The 'overwhelming majority' of civil engineering professional will, I am sure, be very pleased to hear Trade Secretary Alistair Darling confirm government support for the construction of new nuclear power stations as the corner stone of the UK's energy policy for the next half century.
While I don't share the optimism or enthusiasm of this particular policy, I do take heart from the considerable emphasis given in the Energy White Paper to conservation and renewable generation.
As Darling said this week, we should not get overly caught up in the nuclear debate. And, sorry to be the bearer of bad news, this energy white paper does not signal the start of a nuclear revolution.
Accepted it was always a long shot to imagine that Tony Blair would turn his back on the pronuclear lobby, even I agree that our existing nuclear power fleet is vital to meet our current electricity needs.
The question is how, with what and when to replace these ageing power stations when they reach the end of their design lives.
The last point is crucial and the good news is that government has rightly opted to let the market decide how best to deliver light and power. The market has proved that it is highly capable of cost effectively meeting demand despite the obstacles of carbon trading and the renewables obligation.
The reality is that it will be highly unlikely that private energy companies will be in a hurry to shut down existing nuclear power plants too early or choose to decommission any nuclear assets until they absolutely have to.
It is understood that British Energy's facilities at Dungeness, Hunterston and Heysham have been given an extra 10 years of life. The idea of extending life will no doubt be rolled out across the et and in many cases extended beyond a single decade.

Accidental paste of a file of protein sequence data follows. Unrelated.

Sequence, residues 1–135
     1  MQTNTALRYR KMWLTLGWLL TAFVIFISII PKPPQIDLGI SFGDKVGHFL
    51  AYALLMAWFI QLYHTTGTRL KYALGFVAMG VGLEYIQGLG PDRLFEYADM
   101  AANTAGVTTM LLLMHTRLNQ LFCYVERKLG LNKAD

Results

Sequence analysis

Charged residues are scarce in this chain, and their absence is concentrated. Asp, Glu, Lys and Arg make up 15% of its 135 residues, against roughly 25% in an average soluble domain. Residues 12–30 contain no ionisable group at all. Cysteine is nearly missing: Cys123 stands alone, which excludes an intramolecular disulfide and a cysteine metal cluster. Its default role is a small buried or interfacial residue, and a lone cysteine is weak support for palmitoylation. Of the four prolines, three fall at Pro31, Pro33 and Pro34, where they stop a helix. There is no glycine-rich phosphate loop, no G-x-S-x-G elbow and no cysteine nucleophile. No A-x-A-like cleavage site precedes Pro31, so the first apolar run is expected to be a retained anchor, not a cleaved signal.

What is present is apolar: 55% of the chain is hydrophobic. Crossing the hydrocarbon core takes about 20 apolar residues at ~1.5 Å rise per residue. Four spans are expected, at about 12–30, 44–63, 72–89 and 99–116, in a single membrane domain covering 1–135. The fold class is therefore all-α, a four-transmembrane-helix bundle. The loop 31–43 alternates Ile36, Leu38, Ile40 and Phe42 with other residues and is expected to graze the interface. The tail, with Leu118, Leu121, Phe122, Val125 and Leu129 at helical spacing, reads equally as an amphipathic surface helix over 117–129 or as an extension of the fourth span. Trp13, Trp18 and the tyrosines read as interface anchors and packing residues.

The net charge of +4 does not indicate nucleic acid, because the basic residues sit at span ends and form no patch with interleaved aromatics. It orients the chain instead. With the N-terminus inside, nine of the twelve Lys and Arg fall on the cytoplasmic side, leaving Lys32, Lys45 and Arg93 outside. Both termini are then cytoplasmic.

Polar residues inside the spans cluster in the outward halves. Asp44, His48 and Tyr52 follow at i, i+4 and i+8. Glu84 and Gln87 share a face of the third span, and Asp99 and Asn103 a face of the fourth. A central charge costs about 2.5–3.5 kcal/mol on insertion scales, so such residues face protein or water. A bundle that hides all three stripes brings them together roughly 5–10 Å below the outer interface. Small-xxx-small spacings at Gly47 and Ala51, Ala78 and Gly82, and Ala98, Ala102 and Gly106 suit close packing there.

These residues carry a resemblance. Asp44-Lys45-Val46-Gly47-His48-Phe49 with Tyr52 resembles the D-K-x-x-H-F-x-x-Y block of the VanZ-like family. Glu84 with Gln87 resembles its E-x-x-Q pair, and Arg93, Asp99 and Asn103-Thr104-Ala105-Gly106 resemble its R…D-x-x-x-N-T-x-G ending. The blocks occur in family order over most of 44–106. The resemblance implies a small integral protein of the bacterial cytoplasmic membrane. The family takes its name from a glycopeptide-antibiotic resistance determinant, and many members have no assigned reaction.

All of which puts the need to 'fill the energy gap' as Darling puts it in a whole new context.
In the real world we will still have 85% of existing nuclear capacity up and running in 2020 - not 20% as once thought.
The good news is that behind the nuclear headlines, the White Paper also contains measures that could actually reward energy companies for selling us less.
This is really important as it finally shifts the onus for conservation away from the consumer and onto the market. Coupled with a policy of eking the most from existing resources, basic economics could well buy us enough time to rethink our whole approach to heat and power demand and supply.
It is appropriate that this week we launch the Graduate of the Year Awards to find the outstanding young engineers emerging from the UK's universities in 2005.
As part of their entry, candidates will be asked to discuss how society can continue its current practices in the face of overwhelming evidence of irreversible climate change. Energy supply will no doubt feature heavily in responses.
As I hope they will all realise, the good news right now is that we do still have time to come up with better solutions to the energy supply conundrum.
And I am utterly condent that the profession's new minds will grasp this issue.
They will, I am convinced grasp the chance to do for electricity supply what the mobile phone has done for communication, what the internet has done for information and what the iPod is now doing for music.
Antony Oliver is NCE's Editor